Student News

Simmons, Delano win school counseling program awards

Photo of Justin Simmons with Patrick Akos and Sandra Martinez-Zuniga

Pictured: Justin Simmons (center) with previous award winner Sandra Martinez-Zuniga and professor Patrick Akos

Photo of Allison Delano with John Galassi and Kristy Newitt

Pictured: Allison Delano (center) with previous award winner Kristy Newitt and professor John Galassi

Justin Simmons and Allison Delano, both masters of education candidates in the School of Education’s school counseling program, were presented awards from the program Monday night.

The awards were presented at the school counseling program’s annual orientation session for the entering cohort.

Simmons, of Durham, was awarded the Galassi-Brown Advocacy Award, which is presented annually to the school counseling student who is judged by the faculty to have gone beyond expectations and demonstrated exceptional advocacy for the students he or she serves, the schools where he or she works and the school counseling profession.

Simmons interned during the past year at Durham’s Hillside High School. He is expected to complete his M.Ed. in August.

“Justin has a strong initiative to be active where he feels he can help,” said nominator Kevin Ellis, a counselor at Hillside. “Although we have a college advisor in our department, he quickly established a caseload of seniors who came to him on a regular basis because they trusted his advice and knowledge.”

Last year’s Galassi-Brown Advocacy Award winner, Sandra Martinee-Zuniga, said Simmons was a natural leader who will accomplish big things in his career.

“He built remarkable connections with students at the school and has a drive to create an environment where all students can succeed,” she said.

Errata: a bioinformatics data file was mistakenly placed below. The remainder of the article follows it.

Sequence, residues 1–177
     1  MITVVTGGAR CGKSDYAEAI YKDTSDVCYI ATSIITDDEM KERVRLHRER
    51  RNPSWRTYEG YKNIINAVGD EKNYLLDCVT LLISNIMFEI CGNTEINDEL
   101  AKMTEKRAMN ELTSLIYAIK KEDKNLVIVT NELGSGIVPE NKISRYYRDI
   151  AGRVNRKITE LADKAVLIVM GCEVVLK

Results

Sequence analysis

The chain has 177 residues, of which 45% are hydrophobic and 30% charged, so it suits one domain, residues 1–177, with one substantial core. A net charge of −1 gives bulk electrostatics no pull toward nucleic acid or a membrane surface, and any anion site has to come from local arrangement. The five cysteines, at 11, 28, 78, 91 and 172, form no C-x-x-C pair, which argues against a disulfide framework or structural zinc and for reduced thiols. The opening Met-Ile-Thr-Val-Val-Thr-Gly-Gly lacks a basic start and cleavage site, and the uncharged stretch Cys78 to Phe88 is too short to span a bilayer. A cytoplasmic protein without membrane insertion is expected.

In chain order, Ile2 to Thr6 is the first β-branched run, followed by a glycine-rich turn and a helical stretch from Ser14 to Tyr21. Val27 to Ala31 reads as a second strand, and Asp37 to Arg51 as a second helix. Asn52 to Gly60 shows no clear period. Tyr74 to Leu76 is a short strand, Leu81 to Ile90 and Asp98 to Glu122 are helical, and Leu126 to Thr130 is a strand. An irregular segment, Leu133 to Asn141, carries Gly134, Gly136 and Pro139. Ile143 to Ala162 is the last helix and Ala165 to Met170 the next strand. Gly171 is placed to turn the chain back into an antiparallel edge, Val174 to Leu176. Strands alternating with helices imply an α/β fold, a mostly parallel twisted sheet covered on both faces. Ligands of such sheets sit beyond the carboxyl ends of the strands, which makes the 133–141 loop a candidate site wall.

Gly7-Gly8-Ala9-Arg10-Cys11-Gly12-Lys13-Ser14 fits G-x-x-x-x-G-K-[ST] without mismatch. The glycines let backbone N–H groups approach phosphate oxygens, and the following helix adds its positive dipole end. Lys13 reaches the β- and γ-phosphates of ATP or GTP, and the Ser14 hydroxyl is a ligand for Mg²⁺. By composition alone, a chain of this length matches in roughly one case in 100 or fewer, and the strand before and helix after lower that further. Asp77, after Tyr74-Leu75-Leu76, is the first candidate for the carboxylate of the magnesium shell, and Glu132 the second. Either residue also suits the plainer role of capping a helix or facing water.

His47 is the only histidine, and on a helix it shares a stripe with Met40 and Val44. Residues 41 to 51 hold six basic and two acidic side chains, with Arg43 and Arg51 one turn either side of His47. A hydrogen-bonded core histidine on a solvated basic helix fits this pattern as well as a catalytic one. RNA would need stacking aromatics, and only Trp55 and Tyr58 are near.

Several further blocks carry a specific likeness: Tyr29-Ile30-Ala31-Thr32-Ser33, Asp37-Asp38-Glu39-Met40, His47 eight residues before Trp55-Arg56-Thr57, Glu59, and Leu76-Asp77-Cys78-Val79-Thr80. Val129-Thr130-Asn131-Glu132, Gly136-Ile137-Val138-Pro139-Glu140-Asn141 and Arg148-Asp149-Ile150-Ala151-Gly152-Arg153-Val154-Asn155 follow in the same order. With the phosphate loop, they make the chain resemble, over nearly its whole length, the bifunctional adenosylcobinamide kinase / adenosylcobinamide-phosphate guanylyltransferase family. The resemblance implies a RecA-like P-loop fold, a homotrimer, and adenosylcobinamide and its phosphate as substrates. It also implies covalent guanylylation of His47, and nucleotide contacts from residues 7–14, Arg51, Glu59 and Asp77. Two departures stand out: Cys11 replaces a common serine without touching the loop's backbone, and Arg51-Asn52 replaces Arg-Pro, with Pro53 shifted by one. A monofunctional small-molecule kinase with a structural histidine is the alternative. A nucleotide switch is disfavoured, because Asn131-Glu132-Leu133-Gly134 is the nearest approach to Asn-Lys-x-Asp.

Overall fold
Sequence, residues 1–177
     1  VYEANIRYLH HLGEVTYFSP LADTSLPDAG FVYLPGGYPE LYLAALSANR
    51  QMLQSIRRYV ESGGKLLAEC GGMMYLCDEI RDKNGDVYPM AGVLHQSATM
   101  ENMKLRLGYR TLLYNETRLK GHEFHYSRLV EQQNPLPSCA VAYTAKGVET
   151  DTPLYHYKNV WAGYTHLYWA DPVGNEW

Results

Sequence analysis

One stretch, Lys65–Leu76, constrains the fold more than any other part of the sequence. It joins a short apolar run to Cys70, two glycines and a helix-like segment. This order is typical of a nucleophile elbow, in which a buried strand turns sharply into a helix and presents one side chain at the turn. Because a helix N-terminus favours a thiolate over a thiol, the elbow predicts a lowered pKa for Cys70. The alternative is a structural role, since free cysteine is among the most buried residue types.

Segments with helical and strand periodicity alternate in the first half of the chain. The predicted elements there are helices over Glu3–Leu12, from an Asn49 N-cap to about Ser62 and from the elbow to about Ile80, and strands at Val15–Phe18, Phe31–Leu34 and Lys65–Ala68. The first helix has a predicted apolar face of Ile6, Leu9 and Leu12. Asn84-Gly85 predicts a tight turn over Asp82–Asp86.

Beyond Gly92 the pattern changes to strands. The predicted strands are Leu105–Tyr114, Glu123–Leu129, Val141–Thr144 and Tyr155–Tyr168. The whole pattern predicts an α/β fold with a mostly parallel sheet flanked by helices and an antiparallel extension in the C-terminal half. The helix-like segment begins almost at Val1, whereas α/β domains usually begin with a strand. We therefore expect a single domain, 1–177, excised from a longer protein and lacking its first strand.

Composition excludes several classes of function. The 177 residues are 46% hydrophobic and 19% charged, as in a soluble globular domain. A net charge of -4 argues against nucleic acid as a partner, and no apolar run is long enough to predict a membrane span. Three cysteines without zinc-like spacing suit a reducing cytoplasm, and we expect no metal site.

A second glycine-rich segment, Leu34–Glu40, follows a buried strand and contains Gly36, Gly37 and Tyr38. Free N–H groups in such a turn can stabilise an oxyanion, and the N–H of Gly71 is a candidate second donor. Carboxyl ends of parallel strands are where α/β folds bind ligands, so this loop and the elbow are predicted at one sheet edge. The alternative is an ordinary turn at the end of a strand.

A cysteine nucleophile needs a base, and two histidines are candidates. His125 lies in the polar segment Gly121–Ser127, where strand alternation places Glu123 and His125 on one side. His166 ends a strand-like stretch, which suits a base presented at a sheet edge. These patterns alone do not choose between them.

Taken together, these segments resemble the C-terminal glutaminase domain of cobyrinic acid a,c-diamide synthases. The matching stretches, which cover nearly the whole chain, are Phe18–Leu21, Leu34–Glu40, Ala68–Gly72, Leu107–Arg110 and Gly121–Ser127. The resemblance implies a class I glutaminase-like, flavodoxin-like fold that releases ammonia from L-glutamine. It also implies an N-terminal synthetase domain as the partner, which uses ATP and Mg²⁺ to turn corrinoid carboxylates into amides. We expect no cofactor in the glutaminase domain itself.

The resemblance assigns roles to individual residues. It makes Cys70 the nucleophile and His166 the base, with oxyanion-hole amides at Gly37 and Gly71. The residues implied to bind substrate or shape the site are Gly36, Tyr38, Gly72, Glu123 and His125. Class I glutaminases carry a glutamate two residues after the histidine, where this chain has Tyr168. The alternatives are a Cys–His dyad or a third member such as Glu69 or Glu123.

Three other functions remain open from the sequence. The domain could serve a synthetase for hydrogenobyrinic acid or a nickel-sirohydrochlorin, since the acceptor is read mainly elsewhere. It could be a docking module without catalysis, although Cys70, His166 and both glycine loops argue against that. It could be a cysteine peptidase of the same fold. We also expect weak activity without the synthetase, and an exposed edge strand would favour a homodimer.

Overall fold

The Galassi-Brown Advocacy Award was named after John Galassi and Duane Brown, professors at the School of Education who have contributed more than 60 years of combined service.

Delano, of Alexandria, Va., was awarded the W.D. Perry Award, which recognizes the student who is judged by the faculty to have demonstrated excellence of achievement in academics, outstanding performance in the counseling field coupled with unwavering adherence to ethical and professional standards, and demonstrated student leadership.

Delano interned at Carrboro High School during the past year. She is expected to receive her M.Ed. in August.

Nominator Mary Gratch, a school counselor at Carrboro High, said that in 18 years of working as a school counselor and supervising graduate students, Delano is the best that she has worked with.

“From the start it has been clear that Allie has a feel for the balance between art and science that is required in this work,” Gratch said. “She has a talent for active listening and reflection and is eager to receive feedback in order to improve her practice.  Students warm quickly to her and clearly trust her to support and help them.”

Gratch said Delano had initiated several research projects that have improved their counseling program and had led a racial identity group for African-American female students.

“I am proud to see our profession move forward with the involvement of young people such as Allie,” Gratch said. “She is already a great counselor, strong collaborator, talented educator, and a caring and considerate colleague.”

The W.D. Perry Award was named for Dr. William D. Perry, a former full professor who provided more than 30 years of leadership at the School. After coming to the UNC-Chapel Hill in 1939, Perry exerted a major influence in the development both of the counseling program and the Guidance and Testing Center. The Center continued to serve the University for many years after Perry retired in 1973.